Recall that the period number corresponds to the number of electron shells that are at least partially filled, while the group number corresponds to the number of electrons in the outer shell. Those of you with keen observation skills will notice from the periodic table that with increasing period numbers comes an increasing number of elements classified as metals than the row before it. Why is this?

Fig. 2 - The element Bismuth as a synthesised crystal.

Let us use Bismuth $$\ce{Bi}$$ as an example. It has a group number of 5 so has 5 electrons in its outer shell. Moreover, it has a period number of 6 so has 6 electron shells in total, which is quite a lot. You might mistakenly assume that it would be easier for Bismuth to gain 3 electrons than to lose 5 electrons to achieve stability. However, the negatively-charged electrons in the sixth shell are very far away (in relative terms) from the positively-charged nucleus. This means the electrons in the sixth shell are only weakly bound to the nucleus. This actually makes it easier for Bismuth to lose 5 electrons than to gain 3!

Remember that metals are defined by their tendency to chemically react and form positive ions. As Bismuth prefers to lose electrons it will become a positive ion after a chemical reaction and therefore be classified as a metal. (The information in this deep dive only scratches the surface of why Bismuth reacts to form a positive ion, the full explanation requires knowledge of quantum physics.)

## Characteristics of metals and non-metals

Now that we know what metals and non-metals are let us explore the difference between the two. We can start by looking at their electron configurations. Metals of a low atomic number will generally have 1-3 outer shell electrons and non-metals will have 4-8 outer shell electrons.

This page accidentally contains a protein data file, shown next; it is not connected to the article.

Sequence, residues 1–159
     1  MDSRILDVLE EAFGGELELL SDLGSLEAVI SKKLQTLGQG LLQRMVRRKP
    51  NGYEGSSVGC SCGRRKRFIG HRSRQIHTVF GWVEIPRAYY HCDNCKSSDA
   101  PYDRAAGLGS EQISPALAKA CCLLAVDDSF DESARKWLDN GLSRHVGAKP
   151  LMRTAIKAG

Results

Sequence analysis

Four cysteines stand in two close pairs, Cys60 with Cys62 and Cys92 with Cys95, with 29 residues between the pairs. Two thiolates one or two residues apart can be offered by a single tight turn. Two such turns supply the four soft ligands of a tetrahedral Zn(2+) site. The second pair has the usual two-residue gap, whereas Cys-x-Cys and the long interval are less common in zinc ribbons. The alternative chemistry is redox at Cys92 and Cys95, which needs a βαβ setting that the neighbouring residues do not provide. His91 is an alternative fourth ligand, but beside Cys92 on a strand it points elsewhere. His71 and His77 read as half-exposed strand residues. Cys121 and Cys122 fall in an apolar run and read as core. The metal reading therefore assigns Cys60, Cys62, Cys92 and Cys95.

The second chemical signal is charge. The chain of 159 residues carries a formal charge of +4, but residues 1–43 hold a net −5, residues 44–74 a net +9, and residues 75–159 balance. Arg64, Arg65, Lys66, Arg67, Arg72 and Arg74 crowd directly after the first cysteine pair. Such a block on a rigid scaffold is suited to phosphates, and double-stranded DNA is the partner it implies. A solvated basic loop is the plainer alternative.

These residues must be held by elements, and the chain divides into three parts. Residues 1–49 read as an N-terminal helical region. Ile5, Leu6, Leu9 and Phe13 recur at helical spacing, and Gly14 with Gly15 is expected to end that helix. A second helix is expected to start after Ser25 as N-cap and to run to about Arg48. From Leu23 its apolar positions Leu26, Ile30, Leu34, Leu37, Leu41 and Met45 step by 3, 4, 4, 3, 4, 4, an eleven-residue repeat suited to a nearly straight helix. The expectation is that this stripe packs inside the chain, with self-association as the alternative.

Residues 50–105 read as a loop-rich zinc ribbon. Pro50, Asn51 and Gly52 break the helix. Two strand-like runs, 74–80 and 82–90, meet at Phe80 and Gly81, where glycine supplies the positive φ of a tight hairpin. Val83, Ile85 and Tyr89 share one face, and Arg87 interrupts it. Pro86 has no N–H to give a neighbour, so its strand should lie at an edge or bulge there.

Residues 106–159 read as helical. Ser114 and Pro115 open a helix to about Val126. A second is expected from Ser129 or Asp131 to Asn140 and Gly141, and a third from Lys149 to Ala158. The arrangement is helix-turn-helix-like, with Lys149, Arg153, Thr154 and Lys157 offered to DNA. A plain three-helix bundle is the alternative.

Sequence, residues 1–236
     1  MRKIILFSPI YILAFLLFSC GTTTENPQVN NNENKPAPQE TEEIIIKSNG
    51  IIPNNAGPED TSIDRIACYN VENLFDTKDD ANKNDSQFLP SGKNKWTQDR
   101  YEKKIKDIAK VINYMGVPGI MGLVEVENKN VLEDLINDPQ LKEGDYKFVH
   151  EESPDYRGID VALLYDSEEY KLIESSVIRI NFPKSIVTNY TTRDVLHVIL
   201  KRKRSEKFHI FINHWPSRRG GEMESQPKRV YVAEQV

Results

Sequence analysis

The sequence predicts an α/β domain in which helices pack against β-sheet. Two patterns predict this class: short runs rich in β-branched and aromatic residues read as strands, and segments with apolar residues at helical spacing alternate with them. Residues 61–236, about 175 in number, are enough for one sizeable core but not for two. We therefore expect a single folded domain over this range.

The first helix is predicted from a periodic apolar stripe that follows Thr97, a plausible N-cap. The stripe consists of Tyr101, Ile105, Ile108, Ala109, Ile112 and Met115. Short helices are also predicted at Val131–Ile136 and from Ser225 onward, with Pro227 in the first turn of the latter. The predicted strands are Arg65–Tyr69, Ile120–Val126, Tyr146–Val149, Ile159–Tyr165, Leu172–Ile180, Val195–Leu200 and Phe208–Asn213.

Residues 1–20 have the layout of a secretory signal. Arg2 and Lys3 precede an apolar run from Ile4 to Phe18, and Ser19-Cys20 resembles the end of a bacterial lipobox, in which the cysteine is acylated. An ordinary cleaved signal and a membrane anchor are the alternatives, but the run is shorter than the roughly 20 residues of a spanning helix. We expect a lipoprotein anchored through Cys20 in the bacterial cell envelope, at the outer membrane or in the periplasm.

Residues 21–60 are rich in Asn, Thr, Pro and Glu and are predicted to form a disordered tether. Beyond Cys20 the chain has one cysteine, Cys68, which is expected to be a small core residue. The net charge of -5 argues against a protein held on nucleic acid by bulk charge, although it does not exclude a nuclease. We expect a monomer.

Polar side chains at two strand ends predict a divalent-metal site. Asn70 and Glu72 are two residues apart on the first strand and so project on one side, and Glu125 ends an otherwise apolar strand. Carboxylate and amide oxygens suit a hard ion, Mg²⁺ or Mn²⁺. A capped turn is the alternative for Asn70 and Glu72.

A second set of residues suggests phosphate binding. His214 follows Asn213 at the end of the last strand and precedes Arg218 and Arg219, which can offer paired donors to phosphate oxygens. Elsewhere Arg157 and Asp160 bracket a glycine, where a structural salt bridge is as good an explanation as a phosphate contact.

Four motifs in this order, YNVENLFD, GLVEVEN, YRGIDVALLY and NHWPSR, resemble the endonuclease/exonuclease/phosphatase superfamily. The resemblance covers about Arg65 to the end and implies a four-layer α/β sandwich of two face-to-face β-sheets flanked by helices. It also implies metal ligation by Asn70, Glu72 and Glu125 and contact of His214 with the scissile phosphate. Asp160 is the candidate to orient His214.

Let's move on to bonding, metals bond through metallic bonding via the loss of the outer electrons. Non-metals use other types of bonding such as covalent bonding, where electrons are instead shared between atoms in molecules.

In terms of conductivity, metals are very good conductors of electricity but non-metals are bad conductors of electricity.

Conductivity is the ability of a substance to transfer heat energy or electrical current from one place to another.

Let's move on to how metals and non-metals react chemically with a couple of common substances. When reacting with oxygen, metals form basic oxides with some being amphoteric. Non-metals form acidic oxides which can sometimes be neutral. In addition, metals can readily react with acids, whereas non-metals tend to not react with acids.

A molecule or ion that is amphoteric has the ability to react with a base and an acid.

An acid oxide which is neutral displays none of the typical properties of acids and cannot form salts.

Looking at the physical properties of metals on metals and non-metals. Metals tend to be shiny, are solid at room temperature (apart from mercury), are malleable, ductile and have a high melting and boiling point. On the other hand, non-metals are dull and do not reflect light, their states at room temperature vary, they are brittle and have relatively low melting and boiling points.

Malleability is a measure of how easy it is to bend a material into shape.

Ductility is how easily a material can be drawn into thin wires.

Fig. 3 - A bundle of copper wire. It is malleable and ductile, therefore exhibiting the characteristics of a metal.